September 13, 2004 at 11:04 pm #9051XV16Participant
Camera Partnerships must come clean on real causes of accidents says ABD
Road safety group the Association of British Drivers today called on the UK’s Camera Partnerships to end their culture of secrecy. The ABD believes that Camera Partnerships are potentially covering up causes of accidents and trying to avoid damaging scrutiny that would show exceeding speed limits is not their main cause.
Government guidelines on camera placement state that ANY accident, no matter what the cause, can be used to justify a camera – even if it does not involve speed in excess of the speed limit. Camera partnerships are allowed to place cameras up to 5km from accident sites. That is why the ABD wants to see all camera partnerships publish detailed, basic data on their websites including:
– The causes of each crash (this data is available from forms completed at crash sites by police officers), including how many are caused by exceeding a posted limit
– The number of accidents per annum per camera site for five years before installation and to date, split by slight, serious and fatal crashes
– The revenue raised by each camera
– The distance between the accidents that have justified the camera’s placement and the camera itself
– Details of engineering work carried out at the same time as camera installation
“We simply can’t get real figures out of the partnerships,” says Mark McArthur-Christie, the Association’s Road Safety Spokesman. “When we ask for hard data we’re just fobbed off with stonewalling, buck-passing, excuses and irrelevant averages.” The Association has found that accident causation data or real results are seldom released by camera partnerships – in fact, they appear not to know what causes the crashes they use to justify camera placement.
In recent correspondence with the Speed Camera Partnership for Avon, Somerset and Gloucestershire, the ABD attempted to find out the causes of the 17 accidents which led to a wide, clear, newly-built dual-carriageway being posted at 50mph with the limit enforced with cameras. In its three-month correspondence, The Association was variously referred to WS Atkins, Highways Maintenance, the Highways Authority, the Police and finally back to the Camera Partnership. Despite one camera being removed and then later replaced some months later, the Partnership even claimed “we are not aware of any removal, replacement or re-siting of this camera.” The ABD has still not been given the causes of the accidents.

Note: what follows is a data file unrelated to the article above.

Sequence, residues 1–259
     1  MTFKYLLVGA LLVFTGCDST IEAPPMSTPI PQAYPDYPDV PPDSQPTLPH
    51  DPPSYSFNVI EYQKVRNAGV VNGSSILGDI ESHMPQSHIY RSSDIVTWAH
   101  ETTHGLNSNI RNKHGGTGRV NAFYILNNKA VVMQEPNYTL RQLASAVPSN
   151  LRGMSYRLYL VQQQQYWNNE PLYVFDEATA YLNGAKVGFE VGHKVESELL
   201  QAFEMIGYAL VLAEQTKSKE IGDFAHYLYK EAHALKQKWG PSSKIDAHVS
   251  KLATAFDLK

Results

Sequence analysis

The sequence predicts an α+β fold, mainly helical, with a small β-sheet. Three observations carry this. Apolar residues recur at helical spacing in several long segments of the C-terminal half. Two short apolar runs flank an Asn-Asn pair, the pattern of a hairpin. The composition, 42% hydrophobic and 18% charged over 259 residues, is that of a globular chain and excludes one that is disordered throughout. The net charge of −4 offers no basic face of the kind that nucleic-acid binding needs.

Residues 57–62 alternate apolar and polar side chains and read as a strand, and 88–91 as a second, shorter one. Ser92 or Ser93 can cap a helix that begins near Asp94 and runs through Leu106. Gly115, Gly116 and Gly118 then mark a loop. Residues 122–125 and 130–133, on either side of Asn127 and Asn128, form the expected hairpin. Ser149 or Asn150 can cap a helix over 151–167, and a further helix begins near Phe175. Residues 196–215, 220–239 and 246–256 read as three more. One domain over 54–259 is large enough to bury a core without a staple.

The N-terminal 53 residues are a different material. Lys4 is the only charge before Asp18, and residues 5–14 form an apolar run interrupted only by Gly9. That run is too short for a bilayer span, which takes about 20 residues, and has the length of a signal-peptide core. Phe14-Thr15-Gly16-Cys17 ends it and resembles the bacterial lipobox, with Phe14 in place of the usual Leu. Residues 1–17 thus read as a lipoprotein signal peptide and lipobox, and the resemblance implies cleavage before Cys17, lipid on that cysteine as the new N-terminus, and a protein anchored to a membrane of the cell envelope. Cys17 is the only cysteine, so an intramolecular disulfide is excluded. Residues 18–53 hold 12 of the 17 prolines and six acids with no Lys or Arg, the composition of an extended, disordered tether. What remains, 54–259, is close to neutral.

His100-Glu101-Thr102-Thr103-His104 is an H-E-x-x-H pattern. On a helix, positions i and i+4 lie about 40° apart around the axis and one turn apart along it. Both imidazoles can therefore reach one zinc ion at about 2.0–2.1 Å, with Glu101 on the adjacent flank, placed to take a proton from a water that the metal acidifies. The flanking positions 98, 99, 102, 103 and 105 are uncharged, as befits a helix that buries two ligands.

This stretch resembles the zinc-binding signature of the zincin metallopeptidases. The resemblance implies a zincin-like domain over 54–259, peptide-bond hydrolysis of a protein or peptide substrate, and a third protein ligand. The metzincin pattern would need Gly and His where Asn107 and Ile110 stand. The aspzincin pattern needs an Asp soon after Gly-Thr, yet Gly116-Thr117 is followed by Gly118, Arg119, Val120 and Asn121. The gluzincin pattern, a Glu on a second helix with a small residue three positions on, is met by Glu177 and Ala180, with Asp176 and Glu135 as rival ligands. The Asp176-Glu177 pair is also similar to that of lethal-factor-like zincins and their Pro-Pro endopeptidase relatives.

In fact, in a final letter, the Partnership wrote “Contributory factors (to accidents) are subjective, and not all accidents will have details filled out by the police…” The Partnership seems either not to know what causes accidents that are used to justify their cameras or are simply refusing to tell the public.
“Road deaths are rising nationally and we need to get the truth on cameras – fast. It’s time for the public to see the real data that shows cameras are not working, not spun averages and statistical manipulation,” says Brian Gregory, ABD Chairman. He continues, “When all you have is a hammer, everything looks like a nail. The only weapons the partnerships have are the cameras that fund their continued existance, so they’re presented as a catch all safety solution. But if they’ve nothing to hide, let’s see them publish the real figures – they should have the data at their fingertips.”
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